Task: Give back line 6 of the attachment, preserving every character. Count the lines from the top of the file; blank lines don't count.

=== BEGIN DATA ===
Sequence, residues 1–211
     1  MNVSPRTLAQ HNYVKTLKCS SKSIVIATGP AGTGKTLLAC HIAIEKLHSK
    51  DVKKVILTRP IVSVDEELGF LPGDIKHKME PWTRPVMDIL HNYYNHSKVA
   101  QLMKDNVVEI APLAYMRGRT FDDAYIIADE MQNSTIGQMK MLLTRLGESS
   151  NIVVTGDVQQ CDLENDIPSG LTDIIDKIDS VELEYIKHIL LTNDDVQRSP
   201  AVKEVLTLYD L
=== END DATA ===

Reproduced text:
   201  AVKEVLTLYD L